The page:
He told me that they had sent somebody to look for me, and rung my room phone and knocked on my door. I told him in turn that they hadn't found me because I had got up early that day, and spent the entire morning at the library, studying for that very exam. They had also rung my mobile number, which, again, had failed, because it was turned off, because I was, again, at the library, studying.

He asked me if I had been feeling ill on the day. No, I admitted, I had not. I had never felt more healthy, more prepared, more utterly on perfect form for an examination. I had simply not been there.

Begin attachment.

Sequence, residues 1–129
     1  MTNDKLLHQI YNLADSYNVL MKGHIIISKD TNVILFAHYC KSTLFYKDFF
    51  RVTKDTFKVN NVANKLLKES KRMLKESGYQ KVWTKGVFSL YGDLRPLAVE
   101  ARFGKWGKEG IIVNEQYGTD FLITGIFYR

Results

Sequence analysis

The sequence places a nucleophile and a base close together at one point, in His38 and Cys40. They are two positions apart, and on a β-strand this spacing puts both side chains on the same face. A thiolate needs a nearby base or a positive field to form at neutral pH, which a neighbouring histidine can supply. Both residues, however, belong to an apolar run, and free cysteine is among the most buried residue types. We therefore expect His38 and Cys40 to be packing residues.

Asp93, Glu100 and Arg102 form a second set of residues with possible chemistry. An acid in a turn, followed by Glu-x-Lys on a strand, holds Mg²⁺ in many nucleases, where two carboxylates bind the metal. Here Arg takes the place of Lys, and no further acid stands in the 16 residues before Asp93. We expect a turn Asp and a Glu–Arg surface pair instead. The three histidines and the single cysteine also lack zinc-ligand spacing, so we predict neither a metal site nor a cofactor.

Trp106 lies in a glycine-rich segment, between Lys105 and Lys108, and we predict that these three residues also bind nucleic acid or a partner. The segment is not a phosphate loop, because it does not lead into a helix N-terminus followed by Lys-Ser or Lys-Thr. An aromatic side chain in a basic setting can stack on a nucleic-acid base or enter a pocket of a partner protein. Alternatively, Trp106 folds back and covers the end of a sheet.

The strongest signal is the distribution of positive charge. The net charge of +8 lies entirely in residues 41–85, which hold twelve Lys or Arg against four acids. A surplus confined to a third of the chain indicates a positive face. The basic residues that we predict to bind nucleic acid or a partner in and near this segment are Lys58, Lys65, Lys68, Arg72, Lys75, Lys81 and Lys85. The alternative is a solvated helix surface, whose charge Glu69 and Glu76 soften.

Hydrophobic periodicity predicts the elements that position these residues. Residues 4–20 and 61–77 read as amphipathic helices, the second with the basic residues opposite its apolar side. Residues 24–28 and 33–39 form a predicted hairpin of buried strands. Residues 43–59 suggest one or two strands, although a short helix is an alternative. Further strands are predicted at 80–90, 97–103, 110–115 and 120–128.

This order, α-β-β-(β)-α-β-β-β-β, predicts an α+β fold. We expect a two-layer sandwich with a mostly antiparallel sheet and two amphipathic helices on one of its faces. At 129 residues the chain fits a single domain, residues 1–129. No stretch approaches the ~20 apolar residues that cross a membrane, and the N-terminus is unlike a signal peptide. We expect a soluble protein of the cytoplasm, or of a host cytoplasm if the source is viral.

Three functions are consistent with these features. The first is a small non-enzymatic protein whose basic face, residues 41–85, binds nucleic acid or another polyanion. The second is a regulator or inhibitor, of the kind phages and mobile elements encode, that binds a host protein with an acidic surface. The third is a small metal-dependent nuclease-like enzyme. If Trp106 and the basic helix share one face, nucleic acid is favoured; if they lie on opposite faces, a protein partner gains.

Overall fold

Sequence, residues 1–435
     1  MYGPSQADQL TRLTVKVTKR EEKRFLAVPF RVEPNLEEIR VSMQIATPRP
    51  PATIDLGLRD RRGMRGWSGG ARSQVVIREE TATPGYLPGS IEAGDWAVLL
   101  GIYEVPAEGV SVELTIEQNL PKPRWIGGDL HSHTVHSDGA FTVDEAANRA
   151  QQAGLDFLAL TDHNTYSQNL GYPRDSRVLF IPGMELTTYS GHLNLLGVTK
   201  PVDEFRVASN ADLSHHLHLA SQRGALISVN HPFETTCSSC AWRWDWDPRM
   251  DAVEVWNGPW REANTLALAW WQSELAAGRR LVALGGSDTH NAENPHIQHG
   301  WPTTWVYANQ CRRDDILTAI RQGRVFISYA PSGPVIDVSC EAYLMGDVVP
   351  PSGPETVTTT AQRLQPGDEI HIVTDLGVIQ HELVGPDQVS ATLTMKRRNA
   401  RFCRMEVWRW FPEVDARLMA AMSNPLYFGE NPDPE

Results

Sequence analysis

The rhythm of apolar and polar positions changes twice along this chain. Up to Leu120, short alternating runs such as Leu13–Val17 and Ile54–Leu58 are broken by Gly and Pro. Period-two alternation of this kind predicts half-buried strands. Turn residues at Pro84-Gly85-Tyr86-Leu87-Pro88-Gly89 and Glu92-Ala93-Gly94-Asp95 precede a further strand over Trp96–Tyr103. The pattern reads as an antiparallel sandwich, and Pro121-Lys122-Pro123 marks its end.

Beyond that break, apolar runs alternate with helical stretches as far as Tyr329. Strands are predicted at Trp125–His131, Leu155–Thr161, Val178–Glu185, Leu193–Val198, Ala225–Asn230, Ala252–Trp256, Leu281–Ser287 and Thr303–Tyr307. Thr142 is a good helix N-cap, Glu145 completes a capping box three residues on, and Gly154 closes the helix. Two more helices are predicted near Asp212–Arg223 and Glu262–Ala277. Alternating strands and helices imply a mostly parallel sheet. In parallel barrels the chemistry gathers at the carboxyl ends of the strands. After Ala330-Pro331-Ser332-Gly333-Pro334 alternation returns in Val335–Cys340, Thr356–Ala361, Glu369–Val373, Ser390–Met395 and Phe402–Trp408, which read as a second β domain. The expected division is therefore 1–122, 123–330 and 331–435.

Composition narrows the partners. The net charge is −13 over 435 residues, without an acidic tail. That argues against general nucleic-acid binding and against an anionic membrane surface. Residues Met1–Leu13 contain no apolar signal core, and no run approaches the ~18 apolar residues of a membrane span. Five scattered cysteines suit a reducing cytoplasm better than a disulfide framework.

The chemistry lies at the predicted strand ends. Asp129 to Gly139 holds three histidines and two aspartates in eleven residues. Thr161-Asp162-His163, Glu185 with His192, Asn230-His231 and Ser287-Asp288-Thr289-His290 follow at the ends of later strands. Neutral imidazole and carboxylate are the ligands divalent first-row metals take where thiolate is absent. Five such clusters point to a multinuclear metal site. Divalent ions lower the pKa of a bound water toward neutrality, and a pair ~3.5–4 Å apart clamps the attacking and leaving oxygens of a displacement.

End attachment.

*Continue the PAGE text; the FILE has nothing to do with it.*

"Was there any justifiable reason why you could have missed the exam?"

EVERY SINGLE OTHER EXAM STARTED AT ONE-THIRTY. THIS ONE STARTED AT TEN. I DIDN'T READ THE TIMETABLE CAREFULLY ENOUGH.

"...Then I can't think of anything I could do. ...I know you weren't happy about your project work, but how did you think you did in the first two papers?"

My response to this question was to burst into tears and crumple up against a wall.

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That was a few months ago. I have now, today, received the results of my final appeal. The answer is: no, my failure stands. I have now lost all my money and a year of my life and the gap in my CV is now three years wide. I have to start over from nothing, AGAIN.

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Heh. Gotcha.

Who hasn't had this nightmare?